Heidelbeer-Palpenspanner (Hydriomena furcata)

  • Length: small
  • pattern: dark gray with white side stripes; Underside lighter, brown head capsule
  • Hairiness: sparse; single thin hairs
  • Caterpillar season: May to June
  • Fodder plants: blueberries, bog berries, willow species, hazel, aspens
  • Other: spin shoot tips and leaves and rest in them

Ruddy kitty owl (Orthosia miniosa)

  • Length: small, 1-2 cm
  • Pattern: black when young, later black and yellow vertical stripes; black point warts
  • Caterpillar season: May to June
  • Fodder plants: Leaves of various trees and shrubs, with a preference for oaks
  • Other: Also known as Oakwood Spring Owl or Yellowish Red Spring Owl; is on the red list in many federal states

Roter Apollo (Parnassius apollo)

  • Length: up to 50 mm
  • Pattern: dark gray rings at the segment borders; 2-3 yellow-red spots per segment laterally; Nuchal fork between head and first segment
  • Hair: short and inconspicuous
  • Caterpillar season: April to June
  • Fodder crops: mainly sedum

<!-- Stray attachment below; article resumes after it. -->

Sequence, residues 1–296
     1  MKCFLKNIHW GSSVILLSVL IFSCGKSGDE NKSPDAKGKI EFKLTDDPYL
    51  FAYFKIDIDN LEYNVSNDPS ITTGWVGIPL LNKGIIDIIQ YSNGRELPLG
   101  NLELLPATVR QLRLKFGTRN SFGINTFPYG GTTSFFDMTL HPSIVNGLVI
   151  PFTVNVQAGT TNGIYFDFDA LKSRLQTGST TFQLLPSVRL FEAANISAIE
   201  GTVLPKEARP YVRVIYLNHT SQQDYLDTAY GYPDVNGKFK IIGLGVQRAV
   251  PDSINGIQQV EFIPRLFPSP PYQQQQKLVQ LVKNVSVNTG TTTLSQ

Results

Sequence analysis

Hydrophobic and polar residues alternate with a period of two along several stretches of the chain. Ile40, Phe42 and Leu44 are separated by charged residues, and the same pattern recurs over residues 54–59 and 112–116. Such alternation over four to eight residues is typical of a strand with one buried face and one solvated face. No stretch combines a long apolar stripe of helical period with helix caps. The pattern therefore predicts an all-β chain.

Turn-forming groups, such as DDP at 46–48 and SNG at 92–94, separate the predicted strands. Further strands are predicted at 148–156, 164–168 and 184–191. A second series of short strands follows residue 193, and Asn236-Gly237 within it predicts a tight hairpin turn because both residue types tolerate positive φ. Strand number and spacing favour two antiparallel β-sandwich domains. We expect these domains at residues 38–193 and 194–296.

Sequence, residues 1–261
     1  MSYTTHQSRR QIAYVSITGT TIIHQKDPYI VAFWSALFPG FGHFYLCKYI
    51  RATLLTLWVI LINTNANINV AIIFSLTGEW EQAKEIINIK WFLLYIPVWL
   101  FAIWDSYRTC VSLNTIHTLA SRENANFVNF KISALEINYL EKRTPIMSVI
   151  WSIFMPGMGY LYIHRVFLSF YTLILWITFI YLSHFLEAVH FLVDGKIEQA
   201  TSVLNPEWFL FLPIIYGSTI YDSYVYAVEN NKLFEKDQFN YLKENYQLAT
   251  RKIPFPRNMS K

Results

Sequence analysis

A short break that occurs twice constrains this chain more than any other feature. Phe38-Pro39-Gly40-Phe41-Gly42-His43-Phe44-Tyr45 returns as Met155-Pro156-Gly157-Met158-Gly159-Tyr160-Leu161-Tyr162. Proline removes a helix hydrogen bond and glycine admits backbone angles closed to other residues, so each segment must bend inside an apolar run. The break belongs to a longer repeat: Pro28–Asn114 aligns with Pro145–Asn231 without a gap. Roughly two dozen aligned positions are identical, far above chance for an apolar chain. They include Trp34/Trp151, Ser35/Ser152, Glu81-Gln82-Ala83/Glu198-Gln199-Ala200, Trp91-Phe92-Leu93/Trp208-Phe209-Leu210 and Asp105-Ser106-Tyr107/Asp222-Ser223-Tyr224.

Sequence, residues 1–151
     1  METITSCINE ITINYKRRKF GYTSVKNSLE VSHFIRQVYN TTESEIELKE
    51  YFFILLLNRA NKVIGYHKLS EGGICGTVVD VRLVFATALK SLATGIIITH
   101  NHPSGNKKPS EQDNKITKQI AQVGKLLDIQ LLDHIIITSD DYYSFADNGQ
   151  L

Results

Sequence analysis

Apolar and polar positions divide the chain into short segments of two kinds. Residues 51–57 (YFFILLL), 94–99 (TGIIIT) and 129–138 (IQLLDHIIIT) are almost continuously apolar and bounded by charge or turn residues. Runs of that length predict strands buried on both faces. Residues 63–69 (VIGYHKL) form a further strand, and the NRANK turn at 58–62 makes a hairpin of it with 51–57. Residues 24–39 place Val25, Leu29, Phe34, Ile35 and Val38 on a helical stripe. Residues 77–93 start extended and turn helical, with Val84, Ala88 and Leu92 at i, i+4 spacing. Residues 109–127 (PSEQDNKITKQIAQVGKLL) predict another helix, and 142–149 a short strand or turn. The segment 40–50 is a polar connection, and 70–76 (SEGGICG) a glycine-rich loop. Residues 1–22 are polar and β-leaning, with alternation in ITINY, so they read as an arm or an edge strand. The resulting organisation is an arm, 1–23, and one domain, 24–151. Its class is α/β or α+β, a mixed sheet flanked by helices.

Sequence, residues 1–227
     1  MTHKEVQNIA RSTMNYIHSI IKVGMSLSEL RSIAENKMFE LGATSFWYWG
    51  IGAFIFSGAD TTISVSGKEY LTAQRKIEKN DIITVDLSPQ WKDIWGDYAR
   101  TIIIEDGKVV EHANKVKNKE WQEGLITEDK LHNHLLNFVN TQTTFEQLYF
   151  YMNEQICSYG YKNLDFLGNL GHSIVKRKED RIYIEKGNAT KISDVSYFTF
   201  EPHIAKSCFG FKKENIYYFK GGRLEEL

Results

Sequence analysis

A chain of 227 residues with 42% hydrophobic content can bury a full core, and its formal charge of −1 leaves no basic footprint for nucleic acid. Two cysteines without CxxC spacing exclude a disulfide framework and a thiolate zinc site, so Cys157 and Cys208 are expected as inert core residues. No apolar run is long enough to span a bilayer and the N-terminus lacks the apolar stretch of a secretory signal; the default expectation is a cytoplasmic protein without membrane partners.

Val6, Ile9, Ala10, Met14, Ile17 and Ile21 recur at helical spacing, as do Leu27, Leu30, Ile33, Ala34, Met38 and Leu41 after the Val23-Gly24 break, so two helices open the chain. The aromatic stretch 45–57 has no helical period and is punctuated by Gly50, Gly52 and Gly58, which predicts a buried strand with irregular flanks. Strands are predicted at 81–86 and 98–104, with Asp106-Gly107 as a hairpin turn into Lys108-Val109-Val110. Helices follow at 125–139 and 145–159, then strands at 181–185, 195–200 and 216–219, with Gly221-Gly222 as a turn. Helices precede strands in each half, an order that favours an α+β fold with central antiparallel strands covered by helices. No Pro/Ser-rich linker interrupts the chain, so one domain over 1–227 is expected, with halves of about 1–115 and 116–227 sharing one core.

• Other: also known as the Apollo butterfly
Tip: You can also recognize the caterpillars of the Red Apollo by their behavior. They like to hang out under rocks, but they also like to bask on their host plant. In one of these two places it later pupates into a fine web.

Satellite Winter Owl (Eupsilia transversa)

  • Length: 10 to 15 millimeters when young
  • Pattern: red-brown head; fine light longitudinal line on the back; lateral line of single spots; black neck shield with yellowish longitudinal lines
  • Hair: minimal, hardly recognizable
  • Caterpillar season: May to June
  • Fodder plants: elm, lime, poplar, willow
  • Other: the color shimmers brown, black and slightly violet
Note: If you see this caterpillar feeding, you might be able to see why experts call it a murder caterpillar. It regularly eats other insects, aphids and soft-skinned larvae.

Blackberry (Callimorpha dominula)

  • Length: approx. 40 Millimeters
  • Pattern: yellow stripes interrupted on the sides and small white dots
  • Hair: short gray and black hair, sometimes more sometimes less conspicuous
  • Caterpillar season: autumn-June (overwintering)
  • Fodder plants: various herbs and shrubs such as raspberry, willow, plantain, nettle, common hazel, meadowsweet, red honeysuckle
  • Other: the color is dark gray rather than black

Weißdornspinner (Trichiura crataegi)

  • Length: up to 45 mm
  • Pattern: rust-red warts on the back; thin white-bluish side stripes, sometimes yellow spots
  • Hair: very fine
  • Caterpillar season: May to July, found in groups
  • Fodder plants: leaves of hawthorn, birch, oak, willow, hazel
  • Other: also known as the hawthorn hair spinner

Similar Posts

Leave a Reply

Your email address will not be published. Required fields are marked *